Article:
A fun fact on the wikipedia page for the metal–oxide–semiconductor field-effect transistor:
it is the most frequently manufactured device in history, and the total number manufactured from 1960-2018 is 13 sextillion.

That's 13,000,000,000,000,000,000,000.

Though this picture is a bit misleading.

Even with devices this small, we couldn't make 13 sextillion of them in 60 years.
So imagine a chip like this. It's the 555 timer, which is one of the most popular integrated circuits ever made.

In 2017, it was estimated a billion are made every year.
And at the heart of it is the die, which looks like this:
(from Ken Shirriff's blog)
https://t.co/mz5PQDjYqF
And that's fundamentally a bunch of CMOS transistors (along with some diodes and resistors), which are a type of MOSFET. How many of them are on a 555?

about 25. Not many, but it's a very simple chip.
so that's a 25 billion mosfets a year right there, on one very simple chip designed back in 1971.
So how do you get to 13 sextillion?
Simple: Modern CPUs have a fuckton of these.
Like... The Nintendo Switch! It's powered by a Nvidia Tegra X1.
There's no specs on that specific chip that I can see, but the Tegra Xavier (Which is effectively the Tegra X3) has 7 billion transistors.
And Nintendo has sold something like 70 million Switches.
So even if the X1 only has 1/7th as many transistors as the Xavier, that's still 70 quadrillion transistors.
And you wanna know the funny part?

That's a rounding error. The CPU/GPU chip is only a small percentage of the number of transistors in the Switch.
and you might think AHA! THE SCREEN!

One way to make LCDs is with Thin-film transistors, where there's actually a transparent MOSFET layer which each individual subpixel has a transistors.
and with 1280x720 pixels and 3 colors, that's... only about 3 million transistors.

So it's not the screen.
So one of the most important developments in electronics was the floating-gate MOSFET, discovered in the late 60s.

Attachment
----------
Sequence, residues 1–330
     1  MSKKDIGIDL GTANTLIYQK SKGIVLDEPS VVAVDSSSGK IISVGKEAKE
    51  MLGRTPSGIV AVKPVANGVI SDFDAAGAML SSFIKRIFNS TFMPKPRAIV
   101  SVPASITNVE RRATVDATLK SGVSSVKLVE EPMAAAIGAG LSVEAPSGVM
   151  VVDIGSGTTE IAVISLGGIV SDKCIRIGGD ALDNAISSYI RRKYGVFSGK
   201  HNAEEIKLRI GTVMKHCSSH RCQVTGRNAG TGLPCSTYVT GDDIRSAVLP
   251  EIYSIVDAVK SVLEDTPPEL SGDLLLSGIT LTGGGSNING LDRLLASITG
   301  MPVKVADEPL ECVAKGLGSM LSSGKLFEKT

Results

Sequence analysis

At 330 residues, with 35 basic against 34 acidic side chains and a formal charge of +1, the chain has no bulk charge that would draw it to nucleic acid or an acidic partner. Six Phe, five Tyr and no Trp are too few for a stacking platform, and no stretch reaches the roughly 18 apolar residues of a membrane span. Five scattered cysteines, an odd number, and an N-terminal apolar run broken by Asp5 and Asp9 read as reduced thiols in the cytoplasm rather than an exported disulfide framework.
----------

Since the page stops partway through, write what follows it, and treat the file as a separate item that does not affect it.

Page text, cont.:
This is where you build a MOSFET where instead of acting like a switch, the gate electrically isolated, and doesn't easily change.
You use the lovely sounding "hot-carrier injection" to charge up the gate. This is where you basically overpower insulation around the gate, allowing some electrons to force their way through.
Then you use a quantum-mechanical effect called field electron emission to read the data back out.

Basically you can run a current through the mosfet, and based on if it was charged or not, it'll have a different threshold voltage.
The problem is that to write back to this floating-gate MOSFET, you need a lot more electricity to cause it to breakdown the isolation temporarily and let the charge leak out. This damages it over time and results in a limited lifespan...
But the effect where you run a lot of current through it and it reaches a level that causes the isolation to break down and suddenly the charge all leaks out at once... it reminded someone of a camera flash.
So this type of data storage was called "Flash memory".

And it's taken over the world in the 41 years since it was invented.
But here's the thing about flash memory:
You need at minimum one MOSFET for every single bit you store, plus a bunch more to handle addressing and writing and erasing and controlling.
And back to the Nintendo Switch: It's got 32 gigabytes of built in storage.
That's not a lot. Your computer or phone probably has at least 4 times that much.
But how many transistors is 32gb of flash?

Somewhere around 35 billion.
It's also got 4 gigabytes of (D)RAM.

So that's another 4 billion transistors.
But yeah, add all those together, plus any secondary chips on the Switch, and it's gonna be something like 50-100 billion transistors.
And Nintendo has sold 70 million of those.
So now think about how many desktop computers there are, and how many phones, and how many smart devices (anything smarter than a toaster)...

So you may now see how we have made 13 SEXTILLION MOSFETS
(BTW my explanation for how flash works is overly simplified: modern flash uses MLC tech, where instead of just storing one bit per MOSFET, multiple bits can be encoded by using different levels of charge)

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